Appellant was convicted of the murder of Charlie Ponder and sentenced to life imprisonment. 1
In a statement to police he admitted shooting Ponder, with whom he had been arguing, but stated that he intended only to shoot him in the leg. At trial he testified that he was afraid of Ponder and shot him to prevent Ponder's shooting him. Over objection by appellant a police officer testified that he had gone to appellant's house on three occasions because of allegations that he had been firing his rifle. Appellant moved for a mistrial, which was denied. The denial of the mistrial is the basis of the only enumeration of error.
1. The evidence in the case is sufficient to support the conviction under Jackson v. Virginia, 443 U. S. 307 (99 SC 2781, 61 LE2d 560) (1979).
2. The police officer who arrested appellant testified as to previous incidents involving appellant's discharging a rifle outside of or in his apartment. The trial court admitted evidence of these incidents because they were similar transactions showing intent, scheme or motive. Appellant insists that the court erred in failing to grant a mistrial because 1) the testimony of the officer was hearsay; and 2) there was no similarity between the prior transactions and the crime for which appellant was on trial.
Appellant relies upon Momon v. State, 249 Ga. 865 (294 SE2d 482) (1982)
, in support of his contention that the testimony of the officer was hearsay. Momon deals with the hearsay problem which arises when an officer testifies as to information, letters, conversations, and replies which he gathers or hears during a legal investigation. We held that where this testimony is offered to explain the conduct of the officer it is admitted as original evidence but that where the conduct or motive of the officer is not at issue then the information upon which he acted is not admissible. Here, the question is not admissibility of information received by the officer. It is, rather, the admissibility of the officer's testimony regarding his observation when he went to appellant's apartment on three other occasions to answer complaints that the appellant was holding a rifle and the admissibility of a statement by the appellant on each occasion that he had fired the gun to see if it was in working order. The first is not hearsay at all and as to the second, it is admissible as an admission. There was, furthermore, no hearsay objection.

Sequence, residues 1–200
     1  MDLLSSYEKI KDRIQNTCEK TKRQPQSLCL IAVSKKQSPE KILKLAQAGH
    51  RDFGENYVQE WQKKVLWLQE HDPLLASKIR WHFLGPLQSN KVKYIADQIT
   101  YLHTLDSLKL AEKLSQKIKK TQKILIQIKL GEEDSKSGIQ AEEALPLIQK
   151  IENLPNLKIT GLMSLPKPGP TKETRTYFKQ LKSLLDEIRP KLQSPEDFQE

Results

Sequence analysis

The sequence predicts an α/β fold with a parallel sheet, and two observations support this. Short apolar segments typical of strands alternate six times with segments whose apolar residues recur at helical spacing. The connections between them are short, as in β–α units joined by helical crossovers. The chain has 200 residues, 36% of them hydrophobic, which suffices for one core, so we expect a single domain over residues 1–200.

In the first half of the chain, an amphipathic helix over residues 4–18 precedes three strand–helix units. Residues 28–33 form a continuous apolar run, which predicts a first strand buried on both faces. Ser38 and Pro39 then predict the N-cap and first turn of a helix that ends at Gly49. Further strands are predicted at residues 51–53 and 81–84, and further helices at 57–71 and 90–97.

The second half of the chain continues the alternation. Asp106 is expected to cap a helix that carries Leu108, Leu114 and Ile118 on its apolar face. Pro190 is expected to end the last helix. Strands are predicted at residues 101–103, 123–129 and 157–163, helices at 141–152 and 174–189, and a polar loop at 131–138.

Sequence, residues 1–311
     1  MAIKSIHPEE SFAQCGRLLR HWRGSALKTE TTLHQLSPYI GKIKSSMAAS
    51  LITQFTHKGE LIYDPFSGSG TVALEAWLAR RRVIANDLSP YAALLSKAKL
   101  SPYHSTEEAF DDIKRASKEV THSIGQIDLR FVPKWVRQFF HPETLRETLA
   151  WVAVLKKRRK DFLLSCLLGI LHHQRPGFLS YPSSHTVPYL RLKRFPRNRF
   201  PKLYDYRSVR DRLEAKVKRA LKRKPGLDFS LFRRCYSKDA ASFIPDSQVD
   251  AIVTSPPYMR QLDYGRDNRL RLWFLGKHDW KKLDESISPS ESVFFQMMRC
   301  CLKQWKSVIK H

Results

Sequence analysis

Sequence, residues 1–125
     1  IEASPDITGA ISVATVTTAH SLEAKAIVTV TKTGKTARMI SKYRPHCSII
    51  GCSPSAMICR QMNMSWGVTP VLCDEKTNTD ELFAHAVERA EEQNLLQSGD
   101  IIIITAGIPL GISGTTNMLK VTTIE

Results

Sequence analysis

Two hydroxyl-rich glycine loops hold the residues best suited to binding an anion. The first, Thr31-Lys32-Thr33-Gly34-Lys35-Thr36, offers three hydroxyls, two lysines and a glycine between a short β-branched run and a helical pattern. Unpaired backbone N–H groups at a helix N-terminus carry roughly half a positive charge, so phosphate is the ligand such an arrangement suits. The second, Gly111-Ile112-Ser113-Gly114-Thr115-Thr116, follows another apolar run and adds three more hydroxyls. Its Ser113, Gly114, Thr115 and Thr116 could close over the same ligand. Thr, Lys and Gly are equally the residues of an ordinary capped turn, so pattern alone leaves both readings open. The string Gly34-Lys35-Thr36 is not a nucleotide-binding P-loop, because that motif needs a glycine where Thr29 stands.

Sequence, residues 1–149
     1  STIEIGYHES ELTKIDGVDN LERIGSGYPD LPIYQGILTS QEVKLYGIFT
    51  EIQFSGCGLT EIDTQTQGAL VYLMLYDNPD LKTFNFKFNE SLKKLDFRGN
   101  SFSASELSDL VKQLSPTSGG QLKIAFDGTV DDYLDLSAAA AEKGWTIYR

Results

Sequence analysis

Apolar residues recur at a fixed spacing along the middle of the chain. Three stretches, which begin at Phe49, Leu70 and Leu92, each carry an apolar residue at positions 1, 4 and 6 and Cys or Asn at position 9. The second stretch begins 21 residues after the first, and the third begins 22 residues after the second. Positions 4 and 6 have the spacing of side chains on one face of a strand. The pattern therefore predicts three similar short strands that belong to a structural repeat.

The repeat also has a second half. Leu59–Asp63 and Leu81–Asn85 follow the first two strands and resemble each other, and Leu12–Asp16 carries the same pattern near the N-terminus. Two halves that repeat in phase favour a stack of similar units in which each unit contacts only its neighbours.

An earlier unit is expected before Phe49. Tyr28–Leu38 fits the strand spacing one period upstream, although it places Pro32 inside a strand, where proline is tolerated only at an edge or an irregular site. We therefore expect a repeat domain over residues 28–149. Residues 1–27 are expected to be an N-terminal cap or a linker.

The second question is whether appellant's firing a rifle on these other occasions was a similar transaction. In French v. State, 237 Ga. 620 (229 SE2d 410) (1976)
, we set out the test for the admissibility of evidence of independent crimes as follows: 1) there must be evidence that the defendant was in fact the perpetrator of the prior offense; 2) there must be sufficient correlation between the offense and the crime for which defendant is on trial so that proof of the former tends to prove the latter. The same test is used for the admissibility of evidence of similar transactions which might place a defendant's character in evidence. Davis v. State, 249 Ga. 309 (290 SE2d 273) (1982)
Appellant's counsel argued to the trial court that these earlier incidents were not relevant to show intent because there is no indication that on the previous occasions he shot at anyone or even pointed the rifle at anyone. The trial court found that evidence of appellant firing a rifle in a highly concentrated residential area could be considered by the jury in determining the presence of malice or intent. We agree. The question is relevance. Bacon v. State, 209 Ga. 261 (71 SE2d 615) (1952)
. Where the defense to a shooting growing out of a quarrel is self-defense, the fact that appellant was in the habit of periodically firing a gun in a crowded residential area just to be sure that it was still in working order is relevant to his intent or motive. Cf. Saylors v. State, 251 Ga. 735 (309 SE2d 796) (1983)
(defendant's prior activity with knives was relevant in his trial for the stabbing death of victim and admissible even though it might incidentally tend to impugn his character). There was no error here in the court's allowing the officer's testimony, and the motion for mistrial was properly denied.
Lewis R. Slaton, District Attorney, Michael J. Bowers, Attorney General, for appellee.